Pensions - Articles - The importance of culture on pension boards


With the right people, culture and values, you can accomplish great things” So said the US businesswoman Tricia Griffiths. But how often do we talk about culture in the pensions industry? And about the culture on pension governance bodies, be they trustee boards, governance oversight committees for say a master trust arrangement, or another body such as a corporate pensions board?

 by Laura Andrikopoulos, Senior Consultant and Actuary, Hymans Robertson

 “ Discussions about culture may be seen as too indulgent to take agenda time from pressing matters such as the next communication to members on their investment options, or the ever-complex matter of completing your annual DC Chair Statement. But good board culture is at the heart of good governance and may be critical to improving the overall effectiveness of a board, and ultimately the success of a pension scheme for its members.

 I’ve been attending Iyengar yoga classes on a weekly basis for the last thirteen years. In my view, the organisation who provides the classes absolutely has a good culture. My teacher, Jayne, is dedicated to the practice, having been a student and teacher for more than 40 years. She has the right experience, the right skills, and the right attitude and approach to lead our class. Collectively, we have deep experience, and whilst we are all individuals with our own strengths and weaknesses, we all come together week after week, year after year, with a shared attitude of dedication and respect to our practice.

 Our classes are run strictly, although there is always the odd humorous moment as we strive to find the optimal combination of strength and flexibility that Iyengar yoga requires. Students must arrive on time – the outer door is locked at 7.30pm – and no late entrants are permitted. We must also be prepared, wearing the right clothes, having the right equipment and having practised at home between classes.

 Now let me paint you a picture of a pension board which could benefit from improving its culture:

 A Chair who dominates the meetings, steering the conversation and leaving little time for quieter members of the board to input.

 One of the only other vocal trustees has the idea that effective challenge consists of disagreeing with everything the advisers say. The board are always surprised when all the trustees turn up to a meeting, and those who do tend to skim over the papers on the train down. Several trustees are fed up with the time commitment and demands of the role and arrive at the meeting feeling exhausted and disengaged. Consequently, decisions are either rushed through in line with the Chair’s opinion or deferred meeting after meeting. A tired, stale and fractious atmosphere pervades the meetings.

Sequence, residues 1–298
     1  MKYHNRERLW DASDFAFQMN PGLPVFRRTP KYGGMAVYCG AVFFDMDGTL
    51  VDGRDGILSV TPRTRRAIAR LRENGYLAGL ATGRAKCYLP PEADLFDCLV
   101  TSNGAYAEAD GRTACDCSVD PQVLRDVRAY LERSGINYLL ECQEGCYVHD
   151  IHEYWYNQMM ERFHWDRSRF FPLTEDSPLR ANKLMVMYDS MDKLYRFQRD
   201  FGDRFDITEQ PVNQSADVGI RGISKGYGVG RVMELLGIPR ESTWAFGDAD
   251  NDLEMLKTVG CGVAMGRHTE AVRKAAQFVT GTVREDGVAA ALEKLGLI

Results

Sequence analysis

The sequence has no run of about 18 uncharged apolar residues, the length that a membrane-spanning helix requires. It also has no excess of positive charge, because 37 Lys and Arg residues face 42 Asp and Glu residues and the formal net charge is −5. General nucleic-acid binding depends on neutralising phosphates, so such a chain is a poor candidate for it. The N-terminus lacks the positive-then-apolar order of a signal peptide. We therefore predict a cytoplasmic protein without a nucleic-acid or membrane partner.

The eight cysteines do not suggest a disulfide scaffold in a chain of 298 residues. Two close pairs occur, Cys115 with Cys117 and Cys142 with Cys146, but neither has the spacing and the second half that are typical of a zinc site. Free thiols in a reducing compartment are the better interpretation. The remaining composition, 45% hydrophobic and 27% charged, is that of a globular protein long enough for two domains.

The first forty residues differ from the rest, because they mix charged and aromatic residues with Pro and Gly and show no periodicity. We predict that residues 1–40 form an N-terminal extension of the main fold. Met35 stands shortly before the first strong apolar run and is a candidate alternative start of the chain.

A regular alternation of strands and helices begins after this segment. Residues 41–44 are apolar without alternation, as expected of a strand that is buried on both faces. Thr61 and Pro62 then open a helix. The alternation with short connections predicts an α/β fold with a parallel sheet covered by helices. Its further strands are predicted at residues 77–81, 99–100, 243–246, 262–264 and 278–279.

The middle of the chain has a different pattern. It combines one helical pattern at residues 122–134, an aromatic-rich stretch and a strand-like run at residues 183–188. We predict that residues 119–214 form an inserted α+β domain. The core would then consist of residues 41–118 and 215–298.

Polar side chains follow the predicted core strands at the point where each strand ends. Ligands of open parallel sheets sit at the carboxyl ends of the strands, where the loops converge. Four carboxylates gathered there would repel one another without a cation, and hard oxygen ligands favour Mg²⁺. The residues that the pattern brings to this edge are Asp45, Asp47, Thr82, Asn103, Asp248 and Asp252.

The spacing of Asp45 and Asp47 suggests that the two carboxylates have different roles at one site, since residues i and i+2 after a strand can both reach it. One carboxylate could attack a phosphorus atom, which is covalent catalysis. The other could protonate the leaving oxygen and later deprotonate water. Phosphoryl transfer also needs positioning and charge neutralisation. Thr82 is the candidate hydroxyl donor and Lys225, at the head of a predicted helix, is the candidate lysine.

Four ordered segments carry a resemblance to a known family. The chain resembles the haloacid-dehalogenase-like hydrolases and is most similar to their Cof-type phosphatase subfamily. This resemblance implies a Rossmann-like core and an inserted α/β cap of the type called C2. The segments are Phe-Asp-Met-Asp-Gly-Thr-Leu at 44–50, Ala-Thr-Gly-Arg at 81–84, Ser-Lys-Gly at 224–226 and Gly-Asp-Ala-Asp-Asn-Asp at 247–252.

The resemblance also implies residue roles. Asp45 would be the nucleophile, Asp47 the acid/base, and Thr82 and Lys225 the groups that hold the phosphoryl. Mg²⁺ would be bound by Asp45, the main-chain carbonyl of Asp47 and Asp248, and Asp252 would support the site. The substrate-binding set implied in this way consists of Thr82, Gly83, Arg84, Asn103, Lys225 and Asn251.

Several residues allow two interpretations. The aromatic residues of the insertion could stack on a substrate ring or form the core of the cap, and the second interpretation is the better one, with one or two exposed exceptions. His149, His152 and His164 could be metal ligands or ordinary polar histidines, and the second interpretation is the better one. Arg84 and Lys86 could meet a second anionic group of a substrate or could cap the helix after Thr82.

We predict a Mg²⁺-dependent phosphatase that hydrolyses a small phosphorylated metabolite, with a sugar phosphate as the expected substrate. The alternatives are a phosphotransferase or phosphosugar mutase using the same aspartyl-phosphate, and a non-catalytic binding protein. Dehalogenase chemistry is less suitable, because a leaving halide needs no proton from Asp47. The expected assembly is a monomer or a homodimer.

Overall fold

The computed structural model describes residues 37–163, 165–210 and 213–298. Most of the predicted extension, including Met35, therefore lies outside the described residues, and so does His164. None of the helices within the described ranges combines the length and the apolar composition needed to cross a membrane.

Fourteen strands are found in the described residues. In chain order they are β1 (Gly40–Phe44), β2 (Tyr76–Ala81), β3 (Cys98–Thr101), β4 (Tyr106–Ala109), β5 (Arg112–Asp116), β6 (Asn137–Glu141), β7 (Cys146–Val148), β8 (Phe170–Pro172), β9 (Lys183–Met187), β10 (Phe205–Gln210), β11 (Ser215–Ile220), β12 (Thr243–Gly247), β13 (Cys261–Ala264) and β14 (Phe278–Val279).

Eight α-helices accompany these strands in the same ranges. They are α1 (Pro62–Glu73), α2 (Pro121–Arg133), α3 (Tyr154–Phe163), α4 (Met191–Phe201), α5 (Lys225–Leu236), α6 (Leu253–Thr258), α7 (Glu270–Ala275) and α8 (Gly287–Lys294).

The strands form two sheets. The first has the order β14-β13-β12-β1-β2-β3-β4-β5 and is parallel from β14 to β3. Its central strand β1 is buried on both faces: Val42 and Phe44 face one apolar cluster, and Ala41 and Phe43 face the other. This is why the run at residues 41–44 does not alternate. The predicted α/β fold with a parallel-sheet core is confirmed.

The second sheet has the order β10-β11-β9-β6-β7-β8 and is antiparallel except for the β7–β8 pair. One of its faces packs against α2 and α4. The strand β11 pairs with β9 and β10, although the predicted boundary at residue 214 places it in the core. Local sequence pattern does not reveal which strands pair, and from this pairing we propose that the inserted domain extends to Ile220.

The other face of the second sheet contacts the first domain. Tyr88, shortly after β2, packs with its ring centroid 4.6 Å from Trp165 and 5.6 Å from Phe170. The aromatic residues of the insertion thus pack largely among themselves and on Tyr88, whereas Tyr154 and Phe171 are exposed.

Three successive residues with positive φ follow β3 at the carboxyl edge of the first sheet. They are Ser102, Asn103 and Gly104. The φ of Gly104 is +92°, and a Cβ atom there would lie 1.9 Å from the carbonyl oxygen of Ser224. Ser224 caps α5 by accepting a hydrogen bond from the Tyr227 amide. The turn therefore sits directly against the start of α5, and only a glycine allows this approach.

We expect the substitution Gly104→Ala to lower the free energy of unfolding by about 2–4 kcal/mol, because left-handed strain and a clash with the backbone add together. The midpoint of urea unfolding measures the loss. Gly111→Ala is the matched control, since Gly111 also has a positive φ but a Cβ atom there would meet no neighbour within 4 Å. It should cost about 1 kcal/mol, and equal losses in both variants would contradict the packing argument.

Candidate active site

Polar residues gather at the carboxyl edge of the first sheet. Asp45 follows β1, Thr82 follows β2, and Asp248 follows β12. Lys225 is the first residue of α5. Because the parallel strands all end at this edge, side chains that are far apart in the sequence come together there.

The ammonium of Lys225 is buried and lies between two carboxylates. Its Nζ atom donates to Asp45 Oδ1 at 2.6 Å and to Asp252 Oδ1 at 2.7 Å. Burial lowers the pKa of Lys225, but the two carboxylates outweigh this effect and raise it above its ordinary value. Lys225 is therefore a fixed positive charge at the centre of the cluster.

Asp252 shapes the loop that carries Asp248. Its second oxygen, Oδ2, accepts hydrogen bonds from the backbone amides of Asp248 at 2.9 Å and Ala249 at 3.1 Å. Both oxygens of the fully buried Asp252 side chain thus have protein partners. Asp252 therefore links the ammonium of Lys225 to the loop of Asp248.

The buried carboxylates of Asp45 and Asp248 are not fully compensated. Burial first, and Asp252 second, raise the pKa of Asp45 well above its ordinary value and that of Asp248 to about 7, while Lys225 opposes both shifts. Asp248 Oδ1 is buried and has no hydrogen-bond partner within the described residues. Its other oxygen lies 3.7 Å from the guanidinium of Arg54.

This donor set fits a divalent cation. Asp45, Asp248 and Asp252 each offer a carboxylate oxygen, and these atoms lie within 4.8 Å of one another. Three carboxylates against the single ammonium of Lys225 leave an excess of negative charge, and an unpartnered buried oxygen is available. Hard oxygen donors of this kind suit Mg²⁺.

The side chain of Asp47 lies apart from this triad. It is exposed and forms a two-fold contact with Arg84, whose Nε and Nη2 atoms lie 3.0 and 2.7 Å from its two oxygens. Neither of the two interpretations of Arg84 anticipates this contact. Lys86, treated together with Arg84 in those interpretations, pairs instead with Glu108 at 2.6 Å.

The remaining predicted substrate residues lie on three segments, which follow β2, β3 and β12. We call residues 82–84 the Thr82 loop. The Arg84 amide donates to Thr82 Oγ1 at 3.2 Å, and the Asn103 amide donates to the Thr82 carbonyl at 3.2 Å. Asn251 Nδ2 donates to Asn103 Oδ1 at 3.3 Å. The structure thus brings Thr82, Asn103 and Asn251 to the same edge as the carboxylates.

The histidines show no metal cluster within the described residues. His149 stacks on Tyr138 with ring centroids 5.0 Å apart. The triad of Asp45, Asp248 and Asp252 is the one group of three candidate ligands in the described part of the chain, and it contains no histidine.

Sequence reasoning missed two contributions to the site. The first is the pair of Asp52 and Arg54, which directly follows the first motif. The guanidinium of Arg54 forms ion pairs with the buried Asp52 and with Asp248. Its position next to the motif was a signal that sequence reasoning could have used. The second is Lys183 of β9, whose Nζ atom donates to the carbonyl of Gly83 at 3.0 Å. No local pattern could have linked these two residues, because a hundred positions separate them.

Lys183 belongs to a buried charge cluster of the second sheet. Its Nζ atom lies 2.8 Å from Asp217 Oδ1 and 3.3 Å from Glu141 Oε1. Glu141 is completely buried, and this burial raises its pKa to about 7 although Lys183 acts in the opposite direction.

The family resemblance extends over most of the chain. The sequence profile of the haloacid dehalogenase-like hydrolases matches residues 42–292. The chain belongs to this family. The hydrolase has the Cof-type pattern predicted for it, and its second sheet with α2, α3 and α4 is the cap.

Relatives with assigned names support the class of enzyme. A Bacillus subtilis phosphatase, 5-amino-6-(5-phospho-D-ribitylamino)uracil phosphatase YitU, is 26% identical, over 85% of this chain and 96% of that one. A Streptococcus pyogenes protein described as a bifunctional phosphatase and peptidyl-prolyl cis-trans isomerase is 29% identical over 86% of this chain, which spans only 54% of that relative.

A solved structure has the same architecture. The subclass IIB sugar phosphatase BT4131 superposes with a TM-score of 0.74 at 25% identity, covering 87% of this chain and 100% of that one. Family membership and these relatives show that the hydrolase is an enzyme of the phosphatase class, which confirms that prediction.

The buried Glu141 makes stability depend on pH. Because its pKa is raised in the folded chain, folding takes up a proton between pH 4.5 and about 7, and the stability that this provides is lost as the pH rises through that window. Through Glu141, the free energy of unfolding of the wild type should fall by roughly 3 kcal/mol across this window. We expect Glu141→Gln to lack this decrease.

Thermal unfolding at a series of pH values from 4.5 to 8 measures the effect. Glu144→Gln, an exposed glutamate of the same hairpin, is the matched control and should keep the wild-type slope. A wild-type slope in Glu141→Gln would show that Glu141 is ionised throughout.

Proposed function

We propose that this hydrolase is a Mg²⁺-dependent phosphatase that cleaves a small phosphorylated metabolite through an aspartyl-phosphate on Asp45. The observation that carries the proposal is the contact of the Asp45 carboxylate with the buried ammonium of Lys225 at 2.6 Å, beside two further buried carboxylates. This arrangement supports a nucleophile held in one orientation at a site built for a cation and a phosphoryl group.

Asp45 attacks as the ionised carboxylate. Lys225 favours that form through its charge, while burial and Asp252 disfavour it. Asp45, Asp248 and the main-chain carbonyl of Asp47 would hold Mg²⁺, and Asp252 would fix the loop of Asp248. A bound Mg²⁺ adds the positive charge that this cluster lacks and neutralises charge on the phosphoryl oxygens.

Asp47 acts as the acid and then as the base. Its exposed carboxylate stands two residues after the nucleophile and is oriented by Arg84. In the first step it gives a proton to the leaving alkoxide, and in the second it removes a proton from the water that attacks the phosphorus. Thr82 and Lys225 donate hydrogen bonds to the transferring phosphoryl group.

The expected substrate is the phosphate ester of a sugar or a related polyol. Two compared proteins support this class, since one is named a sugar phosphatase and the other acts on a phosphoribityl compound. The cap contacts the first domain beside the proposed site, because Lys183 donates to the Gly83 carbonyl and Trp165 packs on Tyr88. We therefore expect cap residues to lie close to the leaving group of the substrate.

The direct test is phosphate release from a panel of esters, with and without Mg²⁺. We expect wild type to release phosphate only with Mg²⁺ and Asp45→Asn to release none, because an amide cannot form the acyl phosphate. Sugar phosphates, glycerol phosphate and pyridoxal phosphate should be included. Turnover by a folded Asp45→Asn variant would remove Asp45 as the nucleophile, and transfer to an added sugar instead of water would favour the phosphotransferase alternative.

This board is missing a whole host of things which would improve its culture and effectiveness. Whilst the yoga analogy isn’t perfect, it provides some relevant parallels. Optimal effectiveness, I would suggest, arises from a combination of strength and flexibility. A pension board should have substance, experience, and a range of skills and cognitive diversity. It should be strong. Yet it should also be responsive, open to innovation and new ideas, quick to assimilate new regulations and implement necessary changes, be prepared to change its mind if circumstances change, and move from the status quo if required. The tone set from the top is important – the Chair should be a strong leader without being overbearing. The discipline of a board can be held with the odd injection of humour! And ideally, the board shares a collective vision of its purpose, and a dedication to fulfilling that to the best of its abilities.

 In its 2016 report on board culture, the Financial Reporting Council argued that the value of culture should be recognised as a source of competitive advantage, ‘vital to the creation and protection of long-term value.’ Whilst pension scheme boards are not looking for competitive advantage, they most certainly are concerned with long-term value for the pension scheme members. So, a plea for greater attention to board culture and some time out to ensure the right people, culture and values permeate our approach to governance. Let us be strong yet flexible. 

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